Transitioning from a Manual Wheelchair to a Power Chair

February 6, 2019 by Jorge Ramos

Transitioning from a Manual Wheelchair to a Power Chair

The wheelchair is a vital part of the mobility and independence of its users. Most of the time the user has a manual wheelchair. These manual chairs are propelled with the hands, but it’s really the joints of the user that make the greatest effort when propelling it. Shoulders are highly mobile joints, but unlike the hips, they are not prepared or designed for the continuous effort to support the full weight of the body. The effort is continuous, but it varies in intensity depending on the surface. Propelling on slopes requires much more effort than a flat surface. There are also other situations that require more effort, such as moving on a carpeted surface. The carpet increases rolling resistance of the wheels and results in more shoulder effort. For these reasons, a person who has been propelling for a long time in a manual wheelchair may end up suffering shoulder injuries.

In addition, mobility with manual wheelchairs can impose physiological overloads, such as energy expenditure and increased heart rate in people with disabilities. Therefore, the more comfortable and easier to propel the chair is, the greater the energy savings for the user, and thus, they can develop other tasks, in addition to avoiding future injuries.

Power chairs are designed to facilitate the mobility of people who can’t propel independently. Some people believe that these chairs will limit their abilities and their arms will lose strength. We must remember that wheelchairs are not meant to be used for rehabilitation. Their main purpose is mobility and independence - to go to work or school and help with everyday activities such as eating, cooking, taking care of children, leisure time, etc.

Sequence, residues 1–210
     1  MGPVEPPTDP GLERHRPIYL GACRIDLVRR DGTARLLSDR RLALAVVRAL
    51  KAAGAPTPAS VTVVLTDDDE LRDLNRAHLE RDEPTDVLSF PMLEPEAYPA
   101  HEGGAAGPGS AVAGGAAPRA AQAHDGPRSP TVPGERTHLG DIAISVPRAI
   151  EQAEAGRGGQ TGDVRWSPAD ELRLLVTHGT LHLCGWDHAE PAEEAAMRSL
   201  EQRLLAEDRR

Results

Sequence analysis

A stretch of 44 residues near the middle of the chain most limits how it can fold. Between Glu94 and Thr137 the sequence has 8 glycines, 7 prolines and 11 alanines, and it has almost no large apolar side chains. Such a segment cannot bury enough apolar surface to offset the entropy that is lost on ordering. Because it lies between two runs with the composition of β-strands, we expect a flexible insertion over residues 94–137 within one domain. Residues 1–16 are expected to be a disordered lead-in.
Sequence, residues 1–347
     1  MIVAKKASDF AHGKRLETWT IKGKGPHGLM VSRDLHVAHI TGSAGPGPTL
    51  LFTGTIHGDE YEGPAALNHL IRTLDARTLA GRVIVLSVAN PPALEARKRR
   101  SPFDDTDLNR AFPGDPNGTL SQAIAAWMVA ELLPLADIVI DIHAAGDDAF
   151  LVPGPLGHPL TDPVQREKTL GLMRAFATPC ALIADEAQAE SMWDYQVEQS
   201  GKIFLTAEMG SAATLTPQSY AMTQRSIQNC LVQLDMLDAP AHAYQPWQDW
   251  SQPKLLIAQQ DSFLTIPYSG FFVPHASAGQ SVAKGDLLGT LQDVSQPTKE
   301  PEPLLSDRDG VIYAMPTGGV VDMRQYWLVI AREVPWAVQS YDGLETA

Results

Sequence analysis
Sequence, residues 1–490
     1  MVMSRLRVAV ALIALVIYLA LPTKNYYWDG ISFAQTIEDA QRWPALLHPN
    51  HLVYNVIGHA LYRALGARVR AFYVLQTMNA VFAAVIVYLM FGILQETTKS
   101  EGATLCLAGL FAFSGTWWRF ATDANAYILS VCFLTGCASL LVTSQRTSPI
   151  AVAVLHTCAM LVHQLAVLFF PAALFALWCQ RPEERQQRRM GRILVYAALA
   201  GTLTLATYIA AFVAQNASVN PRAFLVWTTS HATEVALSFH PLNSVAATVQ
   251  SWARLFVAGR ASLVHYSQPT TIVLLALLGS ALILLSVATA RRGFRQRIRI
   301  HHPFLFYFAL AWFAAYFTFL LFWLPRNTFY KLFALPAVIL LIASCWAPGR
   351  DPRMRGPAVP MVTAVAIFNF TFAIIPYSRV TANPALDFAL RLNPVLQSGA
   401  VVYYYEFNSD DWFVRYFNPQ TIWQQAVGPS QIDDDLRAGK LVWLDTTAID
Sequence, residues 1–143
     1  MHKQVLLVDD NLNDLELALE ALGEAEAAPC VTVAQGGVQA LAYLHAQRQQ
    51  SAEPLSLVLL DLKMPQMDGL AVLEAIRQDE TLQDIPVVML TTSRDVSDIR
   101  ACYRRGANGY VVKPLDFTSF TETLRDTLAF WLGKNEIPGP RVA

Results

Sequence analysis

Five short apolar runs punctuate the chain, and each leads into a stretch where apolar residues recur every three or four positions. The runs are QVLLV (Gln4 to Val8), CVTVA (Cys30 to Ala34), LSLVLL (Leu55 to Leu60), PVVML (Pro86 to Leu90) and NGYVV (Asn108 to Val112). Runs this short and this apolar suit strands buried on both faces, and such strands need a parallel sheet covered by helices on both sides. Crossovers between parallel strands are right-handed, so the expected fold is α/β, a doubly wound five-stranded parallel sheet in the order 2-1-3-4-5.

Loh Medical® Felix Power Chair

Loh Medical® Felix Power Chair

The Loh Medical® Felix folding power chair is the perfect blend of power, portability and style. The dual motors are controlled by a PG controller and powered by a 2x 12V battery box that can be easily removed for folding, storage and transit.

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When transitioning from a manual wheelchair to a motorized power chair, many aspects should be considered. Power chairs are heavier and sometimes need more maneuvering space or maintenance than a manual chair, but sometimes it’s the only option that will allow the user to carry out the activities of daily life without needing assistance.

Controlling a power chair is done using a lever known as "joystick." The joystick can have several different grips or modifications that allow the chair to be controlled by the dominant hand, as well as variations in mounting or support. Some of these chairs offer the possibility of adding other controls such as the ability to steer it with other parts of the body or by changes in posture, or even control elements around them like computers or phones.

There are other specs that should be taken into account, among them are the turning radius, the power of the motors, the capacity of the motors, and above all the possibility of a change in the clinical situation of the user.

An excellent option to start in the world of power chairs is the Felix power chair. It is a folding, steel chair with two motors. Its maximum speed is 8 km/h (5 mph) and each charge can yield between 25-30 km (15.5-18.5 miles) of travel. If you are interested in more information, you can contact us and we will gladly help.

Jorge Ramos, MD Sales Manager for the Caribbean

Health professional with marketing and sales skills, lover of technology, videojegos and sports. His weaknesses are coffee and his family.

Location: Santa Tecla, El Salvador Contact
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